“If you move your sight to the left, you will see two small ewes, a lamb and a ram. That’s your buck. He’s 300 metres away, so use the first long line of your scope and put it on his shoulder. Clean kill.”
Xander did as his father instructed. As precisely and deliberately as he could, he moved his rifle until he found his target. He saw the young ram, dipping his head to graze from the small shrub at its hooves.
“Let him eat,” Heinrich said softly. “When he raises his head, he’ll be still. Take your shot then.”
Xander placed his right index finger on the trigger of his .243 rifle, preparing to gently squeeze. He watched as the buck tugged at the shrub. In a few seconds, it would raise its head.
Heinrich kept his rangefinder on the buck. He had trained Xander for this moment, he knew that he would make the shot. He needed him to. That’s the only way he would draw him out… The springbok finally raised his head and Xander fired.
The buck fell.
“Ha! Well done, my son!” Heinrich exclaimed proudly. “Perfect shot!”
“Takes after his father!” John said as he clapped Xander on the back.
The men walked over to where the buck once stood. It could not have been a better shot. The bullet entered an inch to the left of the tip of the animal’s right shoulder. It died quickly and painlessly.
“How do you feel, Xander?” asked Heinrich.
“I’m not sure,” replied Xander after some time. “I’m happy that I’ve finally hunted my first buck, but… But a part of me feels incredibly sad for what I’ve just done.”
“Never lose that part of yourself, Xander,” Heinrich said softly. “I don’t know if it’s the spirit, a force of energy, or God. I just know that it connects you to me, my father, his father and the fathers before. We all live, we all die. You, like this animal, will take your last breath one day. All we can do until that day is live as well and as freely as we can. Always remember that with freedom comes consequence. You are the reason this animal is dead, but it will feed you and your family. You now owe a debt to the universe and you pay it by being a righteous man and respectful to everyone and everything you share this world with.” Heinrich and John watched as Xander prepared the carcass for butchery — just as they had taught him. It didn’t take him long, he was proficient with his hunting knife, a gift Heinrich gave him for his 14th birthday.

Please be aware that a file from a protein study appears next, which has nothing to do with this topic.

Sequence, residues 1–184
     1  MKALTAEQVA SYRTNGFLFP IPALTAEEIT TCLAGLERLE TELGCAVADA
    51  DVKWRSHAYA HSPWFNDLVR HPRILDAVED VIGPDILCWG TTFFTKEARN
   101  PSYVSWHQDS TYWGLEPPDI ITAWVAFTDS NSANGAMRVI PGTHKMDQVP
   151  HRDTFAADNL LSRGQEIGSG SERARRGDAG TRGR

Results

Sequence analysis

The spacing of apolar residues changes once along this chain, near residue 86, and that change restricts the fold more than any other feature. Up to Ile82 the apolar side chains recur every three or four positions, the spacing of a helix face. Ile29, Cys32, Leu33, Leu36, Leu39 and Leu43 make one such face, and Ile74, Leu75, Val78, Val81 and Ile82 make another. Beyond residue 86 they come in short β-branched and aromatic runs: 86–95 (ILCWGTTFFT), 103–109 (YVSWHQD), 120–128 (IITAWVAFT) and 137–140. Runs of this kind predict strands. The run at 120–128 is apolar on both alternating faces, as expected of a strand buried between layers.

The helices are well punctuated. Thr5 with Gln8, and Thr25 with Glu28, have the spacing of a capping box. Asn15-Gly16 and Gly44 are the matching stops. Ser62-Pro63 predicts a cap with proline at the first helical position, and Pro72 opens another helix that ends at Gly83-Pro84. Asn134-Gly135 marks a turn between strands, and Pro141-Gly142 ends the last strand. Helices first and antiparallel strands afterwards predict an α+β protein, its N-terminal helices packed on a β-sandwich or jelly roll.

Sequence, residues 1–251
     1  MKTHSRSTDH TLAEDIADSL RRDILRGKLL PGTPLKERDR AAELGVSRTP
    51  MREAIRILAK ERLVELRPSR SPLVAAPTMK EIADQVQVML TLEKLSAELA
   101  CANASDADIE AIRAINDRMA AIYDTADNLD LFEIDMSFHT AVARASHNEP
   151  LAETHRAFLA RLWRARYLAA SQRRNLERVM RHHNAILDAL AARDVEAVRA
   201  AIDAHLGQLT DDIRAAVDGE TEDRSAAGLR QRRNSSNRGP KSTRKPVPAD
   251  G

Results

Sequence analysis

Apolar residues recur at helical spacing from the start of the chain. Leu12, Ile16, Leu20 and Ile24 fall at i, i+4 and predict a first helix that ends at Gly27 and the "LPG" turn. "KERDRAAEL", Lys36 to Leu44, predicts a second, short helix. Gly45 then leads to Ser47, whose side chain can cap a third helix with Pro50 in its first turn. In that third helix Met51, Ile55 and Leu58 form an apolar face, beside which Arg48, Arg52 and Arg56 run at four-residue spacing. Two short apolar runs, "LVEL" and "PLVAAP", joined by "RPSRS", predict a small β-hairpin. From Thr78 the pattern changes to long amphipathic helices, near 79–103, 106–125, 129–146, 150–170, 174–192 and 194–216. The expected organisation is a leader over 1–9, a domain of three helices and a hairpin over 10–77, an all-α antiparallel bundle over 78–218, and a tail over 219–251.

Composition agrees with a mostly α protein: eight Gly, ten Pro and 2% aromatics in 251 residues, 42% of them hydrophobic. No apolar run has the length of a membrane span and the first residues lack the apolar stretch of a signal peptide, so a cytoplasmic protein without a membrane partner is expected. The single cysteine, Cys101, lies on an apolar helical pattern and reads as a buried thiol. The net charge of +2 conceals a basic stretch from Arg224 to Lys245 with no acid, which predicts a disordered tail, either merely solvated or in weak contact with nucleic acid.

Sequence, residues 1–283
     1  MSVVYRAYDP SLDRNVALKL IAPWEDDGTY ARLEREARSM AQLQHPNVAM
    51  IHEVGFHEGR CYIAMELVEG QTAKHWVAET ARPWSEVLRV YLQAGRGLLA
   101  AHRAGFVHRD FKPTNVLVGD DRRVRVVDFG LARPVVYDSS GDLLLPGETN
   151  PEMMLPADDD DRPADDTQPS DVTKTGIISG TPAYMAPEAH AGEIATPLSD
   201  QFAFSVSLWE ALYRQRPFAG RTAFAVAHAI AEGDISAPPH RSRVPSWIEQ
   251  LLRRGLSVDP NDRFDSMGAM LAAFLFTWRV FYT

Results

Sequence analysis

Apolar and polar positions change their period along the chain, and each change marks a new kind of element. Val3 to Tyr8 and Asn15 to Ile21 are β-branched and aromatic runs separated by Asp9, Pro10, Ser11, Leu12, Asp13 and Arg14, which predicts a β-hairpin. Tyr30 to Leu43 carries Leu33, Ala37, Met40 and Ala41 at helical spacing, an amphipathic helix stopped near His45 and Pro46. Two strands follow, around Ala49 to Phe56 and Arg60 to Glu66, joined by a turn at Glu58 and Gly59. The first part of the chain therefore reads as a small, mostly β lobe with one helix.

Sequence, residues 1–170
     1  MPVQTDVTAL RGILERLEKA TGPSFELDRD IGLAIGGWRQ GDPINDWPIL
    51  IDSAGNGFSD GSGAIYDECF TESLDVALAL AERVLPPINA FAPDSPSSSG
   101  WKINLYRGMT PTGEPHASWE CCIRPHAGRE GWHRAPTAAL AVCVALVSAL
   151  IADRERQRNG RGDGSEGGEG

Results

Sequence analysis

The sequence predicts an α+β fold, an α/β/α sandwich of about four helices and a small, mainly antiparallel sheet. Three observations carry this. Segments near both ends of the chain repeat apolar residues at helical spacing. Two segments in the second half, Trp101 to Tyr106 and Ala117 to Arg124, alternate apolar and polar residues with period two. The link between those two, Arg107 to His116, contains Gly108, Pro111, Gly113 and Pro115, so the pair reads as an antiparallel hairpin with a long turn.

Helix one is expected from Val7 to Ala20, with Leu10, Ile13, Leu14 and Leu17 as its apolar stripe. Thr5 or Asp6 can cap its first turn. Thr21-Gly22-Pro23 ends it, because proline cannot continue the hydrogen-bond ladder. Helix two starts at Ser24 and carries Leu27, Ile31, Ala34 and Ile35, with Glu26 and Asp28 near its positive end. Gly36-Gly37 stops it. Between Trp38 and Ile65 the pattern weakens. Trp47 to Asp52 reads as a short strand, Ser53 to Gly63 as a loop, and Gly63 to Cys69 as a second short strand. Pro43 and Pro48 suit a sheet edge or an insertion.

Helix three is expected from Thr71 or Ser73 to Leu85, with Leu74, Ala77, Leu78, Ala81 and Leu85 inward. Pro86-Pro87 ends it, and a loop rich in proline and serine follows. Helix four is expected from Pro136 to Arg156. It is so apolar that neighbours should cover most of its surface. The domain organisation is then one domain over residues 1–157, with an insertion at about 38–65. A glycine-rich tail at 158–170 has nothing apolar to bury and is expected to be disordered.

“Good job. Now, I need you to do something for me,” Heinrich said, looking down at his son.
“What is it?” asked Xander.
“I need you to write something in the sand…” Heinrich said, almost in a whisper. “Using the animal’s blood.”
“Wh-What?” Xander stammered, quite shocked at is father’s request. He looked to John for a similar look of bemusement, but found a face just as serious as Heinrich’s. “Why?”
“I’ll explain later,” Heinrich said. “Just do as I say.” “Good,” Heinrich exclaimed. “We camp here for the night, we’ll need to be ready to move quickly.”
“When are you going to tell me why I had to do that?” Xander asked, now beginning to worry about his father’s demeanour. Heinrich had become stern, quiet. He wouldn’t look Xander in the eye, his focus completely diverted to his rifle as he slowly rolled a bullet around in his right hand. This wasn’t a bullet that Xander had seen before. It was pure black, with a white ring around the tip.
John had slipped into a similar daze. No longer was he quick with a smile, instead, his face showed no joy. His expression conveying deep thought, planning, praying. He had begun changing his clothes from the blue overalls to a traditional animal skin.
“Dad? DAD? Answer me?” Heinrich yelled. “What is going on?”
Xander’s raised voice finally drew the attention of his father, who looked up from his rifle and muttered: “Sit down. I’ll tell you everything.”
As Xander sat down in front of his father, John walked over to the writing in the sand to inspect it one last time…
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A father and son depart on a Kalahari hunting trip, 30 years in the making.